Being a landlord is a fantastic method of creating a career or making some extra cash on the side. However, the world of real estate is complex for the beginner landlord-to-be, and and there is a lot to know before committing to this profession. If you’re thinking about becoming a landlord, here are a few things to know before taking the leap.
It is not a simple 9-5 job
Working as a landlord is much more than collecting a check once a month. Instead, as a landlord, you have to dedicate yourself to ensuring the property is liveable and comfortable for your tenants. This includes shoveling their front steps, fixing the furnace, or putting in mouse traps—all things that cannot be planned out in advance. Plus, there may be some situations where you have to stop everything you are doing to fix something at the property, derailing your plans for the rest of the day.
Above anything else, the time you spend being a landlord can easily change from one hour a month to an entire weekend of work. Knowing that your daily obligations can fluctuate on a dime is incredibly important to know before starting the profession.
There are legal laws to abide by
As a property owner, there are federal and state rules you must follow. For example, there could be specific areas of your city that prohibit rental properties, or there could be rules determining how often your property undergoes an inspection. To ensure your practices are legal and all your bases are covered, it is always beneficial to speak to a real estate lawyer before purchasing a property.
You cannot come and go as you please
As a landlord, you are unable to come and go as you please, even though you own the property. To protect your tenants’ privacy, there are certain rules concerning your entry rights, including contacting your tenant beforehand, and not entering the property when they are not home unless permission has been otherwise granted.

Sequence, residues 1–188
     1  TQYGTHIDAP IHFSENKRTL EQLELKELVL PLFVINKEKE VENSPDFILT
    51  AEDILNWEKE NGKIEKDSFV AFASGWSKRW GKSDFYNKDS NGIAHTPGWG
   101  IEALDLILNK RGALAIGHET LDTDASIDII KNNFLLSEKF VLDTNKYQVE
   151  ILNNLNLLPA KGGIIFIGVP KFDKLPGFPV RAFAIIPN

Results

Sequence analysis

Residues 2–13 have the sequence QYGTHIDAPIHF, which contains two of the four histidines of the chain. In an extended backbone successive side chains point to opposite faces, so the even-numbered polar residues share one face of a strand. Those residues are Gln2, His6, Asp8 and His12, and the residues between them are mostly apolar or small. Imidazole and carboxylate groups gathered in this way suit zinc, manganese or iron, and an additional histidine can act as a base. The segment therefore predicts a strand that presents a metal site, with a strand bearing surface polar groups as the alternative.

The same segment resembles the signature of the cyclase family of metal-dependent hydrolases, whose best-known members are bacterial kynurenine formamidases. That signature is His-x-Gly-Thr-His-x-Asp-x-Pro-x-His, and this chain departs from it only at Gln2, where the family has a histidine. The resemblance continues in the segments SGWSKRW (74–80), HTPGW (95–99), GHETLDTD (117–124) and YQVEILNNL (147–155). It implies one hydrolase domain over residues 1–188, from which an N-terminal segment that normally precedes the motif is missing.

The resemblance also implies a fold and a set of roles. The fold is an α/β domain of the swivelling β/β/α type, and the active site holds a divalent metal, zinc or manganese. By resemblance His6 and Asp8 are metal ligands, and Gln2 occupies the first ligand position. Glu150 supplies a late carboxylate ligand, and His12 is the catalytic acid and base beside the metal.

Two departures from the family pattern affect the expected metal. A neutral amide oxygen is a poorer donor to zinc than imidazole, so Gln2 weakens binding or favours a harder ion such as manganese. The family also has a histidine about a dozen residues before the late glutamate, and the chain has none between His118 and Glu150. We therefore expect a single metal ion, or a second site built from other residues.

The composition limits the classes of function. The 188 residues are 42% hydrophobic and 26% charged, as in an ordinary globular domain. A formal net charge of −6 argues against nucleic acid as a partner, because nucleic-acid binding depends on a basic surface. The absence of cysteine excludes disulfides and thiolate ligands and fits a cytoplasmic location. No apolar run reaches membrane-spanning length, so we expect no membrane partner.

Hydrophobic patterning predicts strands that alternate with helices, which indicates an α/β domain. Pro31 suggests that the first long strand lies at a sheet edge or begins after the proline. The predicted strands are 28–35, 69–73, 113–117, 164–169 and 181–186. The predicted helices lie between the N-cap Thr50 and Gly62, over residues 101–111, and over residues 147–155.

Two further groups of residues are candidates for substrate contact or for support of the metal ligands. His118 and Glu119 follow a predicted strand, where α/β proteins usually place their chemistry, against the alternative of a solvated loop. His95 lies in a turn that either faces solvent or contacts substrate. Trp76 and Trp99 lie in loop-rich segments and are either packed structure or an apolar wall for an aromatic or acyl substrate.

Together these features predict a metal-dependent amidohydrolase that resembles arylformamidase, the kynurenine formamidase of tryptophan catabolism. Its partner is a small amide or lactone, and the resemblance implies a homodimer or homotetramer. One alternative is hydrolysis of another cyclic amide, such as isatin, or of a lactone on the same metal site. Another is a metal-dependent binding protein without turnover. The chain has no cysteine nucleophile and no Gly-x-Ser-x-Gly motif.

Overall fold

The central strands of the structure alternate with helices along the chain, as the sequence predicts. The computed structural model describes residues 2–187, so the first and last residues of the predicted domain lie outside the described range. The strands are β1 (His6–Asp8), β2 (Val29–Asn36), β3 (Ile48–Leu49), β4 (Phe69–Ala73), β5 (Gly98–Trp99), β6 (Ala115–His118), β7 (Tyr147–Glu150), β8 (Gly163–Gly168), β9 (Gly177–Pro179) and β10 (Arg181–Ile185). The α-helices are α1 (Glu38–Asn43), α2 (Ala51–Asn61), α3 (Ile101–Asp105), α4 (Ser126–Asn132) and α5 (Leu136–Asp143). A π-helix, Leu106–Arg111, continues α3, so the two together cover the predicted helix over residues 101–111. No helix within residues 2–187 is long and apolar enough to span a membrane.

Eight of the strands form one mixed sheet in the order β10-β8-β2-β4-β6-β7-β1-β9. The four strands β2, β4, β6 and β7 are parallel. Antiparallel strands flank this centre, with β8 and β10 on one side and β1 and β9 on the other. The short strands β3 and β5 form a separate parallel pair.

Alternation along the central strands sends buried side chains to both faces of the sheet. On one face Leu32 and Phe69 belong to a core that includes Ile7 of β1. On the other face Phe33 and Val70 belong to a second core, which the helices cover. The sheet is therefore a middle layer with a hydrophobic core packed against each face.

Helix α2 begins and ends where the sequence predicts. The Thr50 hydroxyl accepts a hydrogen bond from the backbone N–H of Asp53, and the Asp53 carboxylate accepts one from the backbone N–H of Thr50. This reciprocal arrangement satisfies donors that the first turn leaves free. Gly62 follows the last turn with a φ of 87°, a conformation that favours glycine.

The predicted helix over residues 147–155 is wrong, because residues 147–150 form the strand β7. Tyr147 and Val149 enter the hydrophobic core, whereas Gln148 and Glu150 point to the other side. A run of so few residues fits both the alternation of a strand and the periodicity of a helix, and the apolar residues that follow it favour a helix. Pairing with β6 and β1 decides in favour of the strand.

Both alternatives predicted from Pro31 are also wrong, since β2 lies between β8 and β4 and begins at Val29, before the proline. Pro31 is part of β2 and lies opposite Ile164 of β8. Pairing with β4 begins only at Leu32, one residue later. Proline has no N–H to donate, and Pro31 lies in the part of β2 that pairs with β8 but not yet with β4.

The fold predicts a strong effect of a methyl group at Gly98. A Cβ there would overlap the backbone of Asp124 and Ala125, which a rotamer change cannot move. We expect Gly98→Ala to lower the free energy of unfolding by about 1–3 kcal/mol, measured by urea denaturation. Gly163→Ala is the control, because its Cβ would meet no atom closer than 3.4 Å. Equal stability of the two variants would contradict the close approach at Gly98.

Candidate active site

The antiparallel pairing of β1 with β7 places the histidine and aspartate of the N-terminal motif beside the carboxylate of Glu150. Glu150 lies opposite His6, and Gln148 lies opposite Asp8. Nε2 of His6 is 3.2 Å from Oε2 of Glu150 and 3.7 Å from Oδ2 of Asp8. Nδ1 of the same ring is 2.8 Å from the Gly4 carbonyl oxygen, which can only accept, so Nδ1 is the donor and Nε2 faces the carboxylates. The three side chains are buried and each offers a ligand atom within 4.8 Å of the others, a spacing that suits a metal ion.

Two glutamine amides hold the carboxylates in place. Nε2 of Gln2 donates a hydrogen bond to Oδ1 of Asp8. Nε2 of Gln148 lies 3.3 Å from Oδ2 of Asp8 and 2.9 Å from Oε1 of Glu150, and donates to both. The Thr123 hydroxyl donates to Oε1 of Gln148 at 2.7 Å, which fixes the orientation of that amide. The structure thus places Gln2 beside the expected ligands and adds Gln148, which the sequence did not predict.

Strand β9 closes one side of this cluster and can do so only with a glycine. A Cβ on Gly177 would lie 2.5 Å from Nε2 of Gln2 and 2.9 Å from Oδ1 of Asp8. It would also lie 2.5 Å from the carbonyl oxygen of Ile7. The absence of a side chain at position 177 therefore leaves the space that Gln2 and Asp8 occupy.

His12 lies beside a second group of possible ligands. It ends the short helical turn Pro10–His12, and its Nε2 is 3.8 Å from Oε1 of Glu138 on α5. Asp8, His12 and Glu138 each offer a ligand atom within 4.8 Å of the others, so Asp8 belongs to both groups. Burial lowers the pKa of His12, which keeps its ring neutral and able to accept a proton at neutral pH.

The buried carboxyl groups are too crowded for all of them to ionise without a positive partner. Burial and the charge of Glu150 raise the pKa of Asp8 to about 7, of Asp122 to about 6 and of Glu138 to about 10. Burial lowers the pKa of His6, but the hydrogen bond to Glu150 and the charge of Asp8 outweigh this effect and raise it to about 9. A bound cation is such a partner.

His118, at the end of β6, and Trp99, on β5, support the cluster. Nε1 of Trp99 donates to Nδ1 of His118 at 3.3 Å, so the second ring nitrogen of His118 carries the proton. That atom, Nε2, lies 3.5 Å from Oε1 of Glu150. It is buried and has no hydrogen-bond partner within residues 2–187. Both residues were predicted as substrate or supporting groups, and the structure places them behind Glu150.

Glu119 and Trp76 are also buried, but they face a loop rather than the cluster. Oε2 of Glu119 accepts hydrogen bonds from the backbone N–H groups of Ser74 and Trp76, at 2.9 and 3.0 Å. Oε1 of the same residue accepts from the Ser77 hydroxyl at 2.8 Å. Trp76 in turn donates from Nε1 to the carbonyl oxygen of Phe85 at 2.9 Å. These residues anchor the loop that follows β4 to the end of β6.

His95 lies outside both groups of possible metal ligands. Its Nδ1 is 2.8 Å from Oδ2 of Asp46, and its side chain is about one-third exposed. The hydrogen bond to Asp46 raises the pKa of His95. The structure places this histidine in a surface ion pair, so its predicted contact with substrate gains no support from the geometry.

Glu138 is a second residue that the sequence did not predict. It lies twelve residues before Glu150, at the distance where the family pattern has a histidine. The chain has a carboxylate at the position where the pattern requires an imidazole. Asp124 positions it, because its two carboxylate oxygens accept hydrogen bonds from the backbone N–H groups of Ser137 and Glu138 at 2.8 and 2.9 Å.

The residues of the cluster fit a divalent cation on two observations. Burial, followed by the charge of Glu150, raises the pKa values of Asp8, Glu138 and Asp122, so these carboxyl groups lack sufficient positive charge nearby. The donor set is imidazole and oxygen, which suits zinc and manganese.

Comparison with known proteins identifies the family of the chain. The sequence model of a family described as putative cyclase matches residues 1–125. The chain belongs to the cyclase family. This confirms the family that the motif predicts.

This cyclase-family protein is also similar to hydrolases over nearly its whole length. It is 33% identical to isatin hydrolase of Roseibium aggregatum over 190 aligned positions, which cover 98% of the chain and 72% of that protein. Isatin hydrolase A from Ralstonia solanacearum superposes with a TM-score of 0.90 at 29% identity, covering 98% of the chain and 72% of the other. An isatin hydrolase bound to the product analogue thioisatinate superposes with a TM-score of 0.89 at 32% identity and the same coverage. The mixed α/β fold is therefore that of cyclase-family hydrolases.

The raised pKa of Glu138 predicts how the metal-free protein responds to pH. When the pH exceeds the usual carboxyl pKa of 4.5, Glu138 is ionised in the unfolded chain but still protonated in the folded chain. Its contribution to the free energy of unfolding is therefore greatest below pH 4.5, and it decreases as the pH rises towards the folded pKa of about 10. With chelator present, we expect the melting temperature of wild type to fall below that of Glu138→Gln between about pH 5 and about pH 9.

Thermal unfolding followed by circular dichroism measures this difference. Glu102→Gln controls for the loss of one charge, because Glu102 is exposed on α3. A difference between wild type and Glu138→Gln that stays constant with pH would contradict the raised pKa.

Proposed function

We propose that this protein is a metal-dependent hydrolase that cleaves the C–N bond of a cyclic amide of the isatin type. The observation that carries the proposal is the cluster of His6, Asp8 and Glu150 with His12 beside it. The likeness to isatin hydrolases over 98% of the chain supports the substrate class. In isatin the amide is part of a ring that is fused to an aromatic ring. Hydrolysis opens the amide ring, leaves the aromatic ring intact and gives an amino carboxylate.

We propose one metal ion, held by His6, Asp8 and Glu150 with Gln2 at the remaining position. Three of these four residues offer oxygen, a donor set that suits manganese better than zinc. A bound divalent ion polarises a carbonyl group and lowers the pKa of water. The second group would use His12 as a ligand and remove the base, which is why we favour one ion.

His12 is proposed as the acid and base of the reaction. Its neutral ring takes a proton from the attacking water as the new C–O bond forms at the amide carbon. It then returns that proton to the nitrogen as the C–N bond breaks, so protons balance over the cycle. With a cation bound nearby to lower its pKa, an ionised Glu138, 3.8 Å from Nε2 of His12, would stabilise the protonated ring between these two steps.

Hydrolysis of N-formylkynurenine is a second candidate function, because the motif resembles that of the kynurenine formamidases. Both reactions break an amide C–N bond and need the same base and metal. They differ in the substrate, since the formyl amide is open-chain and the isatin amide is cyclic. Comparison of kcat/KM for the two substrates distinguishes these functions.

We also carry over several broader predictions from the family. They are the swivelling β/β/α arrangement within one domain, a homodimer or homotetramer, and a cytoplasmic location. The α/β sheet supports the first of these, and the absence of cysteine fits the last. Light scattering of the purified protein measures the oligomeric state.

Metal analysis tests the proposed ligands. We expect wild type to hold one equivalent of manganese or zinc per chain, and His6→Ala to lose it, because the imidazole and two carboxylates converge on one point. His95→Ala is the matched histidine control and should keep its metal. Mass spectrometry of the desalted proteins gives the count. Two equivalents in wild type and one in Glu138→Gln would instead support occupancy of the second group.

You will be a jack of all trades
A landlord typically wears many hats. At any given time, you can be a realtor, a negotiator, a detective, a salesperson, a handyman, a debt collector for mortgage services, and a supervisor. Be sure to familiarize yourself with all of the duties you may be required to perform, so that nothing down the road comes as a surprise.
You will spend more money than you think
Being a landlord is a job that requires a lot of investment. Investment in not only your property, but yourself as a manager and your tenants as return customers. Think of being a landlord as working in customer service —you will always want to ensure you have the best training possible so you can serve your clients efficiently, and you will always want to give the best service so your tenants will continue to renew their lease year after year.
On top of training and customer service, you will have another home to look after. A new roof, a new furnace, new windows, a new foundation, and a new sink are all expenses you will be responsible for. Keep this in mind when you go to price your unit, as you will want to set aside money that is meant for house repairs.
You will want to screen your tenants
It goes without saying that you will want to screen your tenants before accepting their applications. You should only allow trustworthy, honest, and respectable people into your property, and luckily, there are some great technologies online that will help you do so easily. In fact, you can even perform a tenant screening report free of charge, saving you and your potential tenants a headache in the long run.
With these ideas in mind, you should be able to better determine whether becoming a tenant is the right career path for you. If so, familiarize yourself with the duties and potential tasks that may be asked of you to ensure your property—and tenants—are properly cared for.